Refrences: ‘Coddenham Observatory in Suffolk, England’
Tom Boles. More Small Astronomical Observatories
Springer-Verlag 2002 pp 203 to 212
Cockfield (Founded 1980s) Main Instrument: 14-inch SCT on Paramount 12-inch Reflector stored in ‘Dog Kennel’ shed with rails to slide out instrument
References: Martin Mobberley
Edward Howard Collinson FRAS, Playford (1980s)
Main Instrument: 10-inch Calver Reflector
Refrences: www.oasi.org.uk History Section
William Wakeling Boreham, Haverhill (1850s)
Main Instrument: 6-inch Refractor
Charles May FRAS, Bolton Lane, Ipswich (1840/50s)
Main Instrument: Merz 6 1/4-inch Refractor
‘The Observatory of Charles May ESQ FRAS’
Observatories of London and Vicinity, Weale 1851 pp 71 to 72
May’s Observatory, Ipswich, 1831-51
The observatory of John Lee and Admiral Smyth’s friend Charles May (1800-60) of Ransom and May, Ipswich. A 20″ transit, and a 6⅓” Merz achromatic refractor “of exquisite quality”. The transit room was 17′ x 12′ x 9′, an equatorial room 6′ high ‘on the Bedford plan’, with dome similar to Lee’s [Main, 1851, p. 71].
See: Ken Goward, ‘By Way of Thanks: Sir George Biddell Airy and his appreciation of the craftsmen and engineers of Ipswich’, http://www.oasi.org.uk/Hist_Ast Also MNRAS, 21, 4 (Feb. 1861), 103-05.
Arthur Frederick Bennett, Leiston (1922 to 1937)
Main Instrument: 6″ Cooke Equatorially Mounted Refractor
A F Bennett at his 6″ Refractor
St Peter’s Church Tower, Cockfield (1767-1773)
Main Instrument: Transit Instrument
Cockfield Church – note the repair at top of tower
where transit instrument slot was sited.
‘The Rev. William Ludlam (1716-1788) and the Cockfield Tower Observatory’
Mobberley. Journal of the British Astronimical Association
Vol 116 No3 pages 119-126 (2006 June)
Societies and Organisations
Chaldean Society, Ipswich branch (1920s & 1930s)
Darsham and Surrounding Hamlets Astronomical Society, (DASH)founded 2013 in to encourage astronomy, for both beginners and the more experienced. The members (25) meet at Westleton Village Hall, North Suffolk, observing from the nearby common.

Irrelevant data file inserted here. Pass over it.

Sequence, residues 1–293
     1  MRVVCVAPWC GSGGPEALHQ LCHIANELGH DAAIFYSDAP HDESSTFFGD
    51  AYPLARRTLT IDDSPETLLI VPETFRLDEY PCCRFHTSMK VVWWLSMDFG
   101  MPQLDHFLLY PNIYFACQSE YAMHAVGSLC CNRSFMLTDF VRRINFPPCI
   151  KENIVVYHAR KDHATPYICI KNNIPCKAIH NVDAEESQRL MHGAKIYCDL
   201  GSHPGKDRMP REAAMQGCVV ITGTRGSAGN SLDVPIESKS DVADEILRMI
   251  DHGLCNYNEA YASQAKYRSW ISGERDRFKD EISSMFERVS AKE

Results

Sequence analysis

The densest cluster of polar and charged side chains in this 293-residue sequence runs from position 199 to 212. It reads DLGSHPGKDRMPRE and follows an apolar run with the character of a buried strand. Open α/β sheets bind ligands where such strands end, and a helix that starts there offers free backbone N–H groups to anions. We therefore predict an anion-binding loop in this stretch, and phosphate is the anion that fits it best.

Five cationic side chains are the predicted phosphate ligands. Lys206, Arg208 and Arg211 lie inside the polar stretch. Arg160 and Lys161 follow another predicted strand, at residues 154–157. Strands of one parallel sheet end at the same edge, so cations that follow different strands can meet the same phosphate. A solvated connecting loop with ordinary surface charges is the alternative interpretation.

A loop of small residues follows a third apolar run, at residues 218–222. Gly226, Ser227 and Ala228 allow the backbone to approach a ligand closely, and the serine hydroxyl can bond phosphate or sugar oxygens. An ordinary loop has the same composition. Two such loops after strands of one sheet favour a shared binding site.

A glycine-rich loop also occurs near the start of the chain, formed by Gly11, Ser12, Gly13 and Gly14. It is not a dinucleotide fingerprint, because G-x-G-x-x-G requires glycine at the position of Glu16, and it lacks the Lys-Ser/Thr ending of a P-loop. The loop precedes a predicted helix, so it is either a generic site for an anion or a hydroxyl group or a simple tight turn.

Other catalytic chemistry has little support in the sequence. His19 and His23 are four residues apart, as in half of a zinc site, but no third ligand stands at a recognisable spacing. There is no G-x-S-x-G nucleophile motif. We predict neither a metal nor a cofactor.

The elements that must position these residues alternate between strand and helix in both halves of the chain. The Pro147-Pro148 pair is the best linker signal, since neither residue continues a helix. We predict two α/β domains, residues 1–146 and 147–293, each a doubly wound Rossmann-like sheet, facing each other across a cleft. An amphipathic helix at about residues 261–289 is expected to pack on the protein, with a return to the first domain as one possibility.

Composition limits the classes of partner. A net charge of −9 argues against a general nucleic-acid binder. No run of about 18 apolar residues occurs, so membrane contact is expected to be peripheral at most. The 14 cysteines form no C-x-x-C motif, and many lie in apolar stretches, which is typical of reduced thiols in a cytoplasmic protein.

Ipswich & District Astronomical Society (IDAS), founded 1948 from 25 members of the Ipswich & District Natural History Society, led by Roland Clarkson. The astronomy section later ceded formining IDAS. The Society occasionally used Orwell Park Observatory, but its main interest were lectures and telescope construction rather than observing. A lack of leadership with the departure of Clarkson the group folded by 1957.
Lowestoft & Great Yarmouth Astronomical Society (LYRA), founded 1967, originally as the Yarmouth Astronomical Society. Members (40 – 2016) meet at Parkhill Hotel, Oulton Village (NR32 5DQ). The society restored and formerly used the Observatory and 12-inch reflecting telescope in the grounds of Kirkley High School, Lowestoft (see A Brief History of LYRA by Ron Larter).
Orwell Astronomical Society – Ipswich (OrwAS), founded 1966-7 by school friends who approached Orwell Park School to re-instate the Orwell Park Observatory (see above). Much of the society’s activities have been involved with the restoration and maintenence of the observatory.
Stour Astronomical Society (StouAS), founded 2003 (formerly Stour Valley Astronomical Society) for amateur astronomers in the Stour Valley area. Members meet at the Memorial Hall, Cavendish (CO10 8A).
Authors, lecturers, broadcasters
Sir George Biddell Airy KCB (7TH Astronomer Royal) 1801 – 1892
John Isaac Plummer FRAS (1845 – 1925)
Edmund Leger (1841 – 1913)
Academics and associated professionals
Sir George Biddell Airy KCB (7TH Astronomer Royal) 1801 – 1892
John Isaac Plummer FRAS (1845 – 1925)
George Claver FRAS (1834 – 1927)
Charles May FRS FRAS (1800 – 1860)
Telescope / equipment manufacturers
George Calver, Telescope and Mirror maker, Walpole from 1904 to 1927
Ransomes of Ipswich (also variously called Ransomes & May, Ransomes,Simms & Jeffries, Ransome & Head, Ransomes & Rapier) manufacturers of telescope mounts at Orwell Works, Ipswich in the mid 19th century.
Optical Vision Limited. (Sales outlet) Unit 2B, Woolpit Business Park, Woolpit, Bury St Edmunds, IP30 9UP.